Fintechs, don’t go to market alone: three must-haves for your FI partnership
The last few years have seen an uptick in fintech and bank partnerships, as the former look to the latter to help ramp up their go-to-market strategy.
Fintechs seek to leverage financial institutions’ regulatory advantages, liquidity, capital and technology to scale and grow. Yet, for all the pairings, why do so many FI and fintech partnerships crash and burn?
The incredible growth potential inherent in these partnerships can cause both parties to find themselves moving a little too fast towards the finish line, overlooking red flags along the way. And while venturing out independently may seem like a tempting alternative for fintechs, it’s an even riskier proposition to go to market without enlisting in the support of a financial institution.
So what should fintechs look for in a financial institution to improve the odds of a successful partnership? Here are three factors to consider.
1. The right tech stack
There are more than 10,000 regulated financial institutions in the US alone. But we estimate that there are only about 100 banks with the infrastructure key to support fintech partnerships — namely, real-time, open-API, cloud-based systems that integrate partners’ technology to build strategic solutions within their own channels. Such features provide the foundation for a formidable, adaptable tech stack — one that can scale with a fintech’s product roadmap and meet escalating consumer demand for high-speed transactions.
Still, too many firms rely on legacy technology that makes collaboration with partners more onerous and revolves around sluggish batch processing for transactions, much to the frustration of retail customers and business partners accustomed to a speedier way of doing business. Such antiquated systems also make it harder to integrate and offer new features — which could present a serious problem for fintechs eager to make their mark with new releases and breakneck speed to market.
2. A unified vision for progress
In fruitful bank-fintech partnerships, it’s important to establish a unified sense of direction and a solid path forward. That includes aligning in your assessment and management of risks, seeing eye-to-eye on strategic objectives and agreeing on a collaborative approach to challenges.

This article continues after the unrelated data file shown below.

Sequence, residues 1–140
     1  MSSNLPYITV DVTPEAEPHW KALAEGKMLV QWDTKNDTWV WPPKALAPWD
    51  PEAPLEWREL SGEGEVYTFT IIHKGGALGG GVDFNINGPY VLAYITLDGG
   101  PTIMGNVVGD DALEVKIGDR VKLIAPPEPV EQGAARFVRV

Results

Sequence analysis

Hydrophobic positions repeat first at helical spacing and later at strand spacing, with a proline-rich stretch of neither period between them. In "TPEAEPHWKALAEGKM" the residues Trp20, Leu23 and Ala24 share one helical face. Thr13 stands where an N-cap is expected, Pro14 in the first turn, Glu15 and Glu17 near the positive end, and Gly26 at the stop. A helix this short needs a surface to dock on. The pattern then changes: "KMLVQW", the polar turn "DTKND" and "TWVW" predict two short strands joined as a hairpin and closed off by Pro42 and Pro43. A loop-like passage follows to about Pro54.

When discussing a partnership, fintechs must confirm that their prospective partners agree not only with their current business vision, but have the flexibility and capabilities to adapt to how that vision may evolve and scale. The cost of getting this wrong can be high. If a banking partner can’t support a fintech’s growth and the latter must start over with a new partner, that’s a lot of time and potential profit down the drain.
For example, let’s say a fintech company provides a stellar user experience through its deposit solution. A year later, that fintech is now focused on broadening its offerings to include a lending solution, only to discover their banking partner lacks the crucial infrastructure to make that a reality. The key to bridging this disconnect is transparency, commitment to progress from the get-go and assurance that the banking partner can support growth.
3. Regulatory know-how
Navigating the regulatory landscape can be an intimidating minefield for fintechs lacking the knowledge and experience. Because of the risks involved, fintechs that choose to forgo a partnership with a financial institution are often prone to making avoidable mistakes regarding compliance issues. Why assume that challenge alone when you can partner with an entity far better equipped to handle the scrutiny?
As a B2C engaging with customers on a daily basis, banks are required to be well-versed in what will and won’t fly within a regulatory framework. The right FI partners will, first and foremost, give fintechs an accurate evaluation of the regulatory landscape that must be navigated. If adjustments are required, banking partners can remove much of the guesswork for fintechs to help them successfully go to market. For instance, if a fintech is designing a loan product that would rely on novel sources of customer data to assess eligibility, the FI can help ensure that the way the data is used complies with fair lending regulations.
That doesn’t mean fintechs should rely exclusively on their banking partners to ensure regulatory compliance. Regulators will still hold fintechs responsible for meeting certain compliance standards. High-growth fintechs, especially, will find it beneficial to develop and take on more and more regulatory compliance responsibilities in-house. But FIs can help their fintech partners get on the right track from the start, collaborating on compliance strategies early on to minimise risk.
Inevitably, partnerships between fintechs and FIs come with expectations from both sides. Ensuring these expectations are met means taking the time to examine the strengths and weaknesses of prospective partners. For fintechs used to moving rapidly, easing slowly and carefully into an FI partnership may feel strange, but it still beats taking the fast track to nowhere.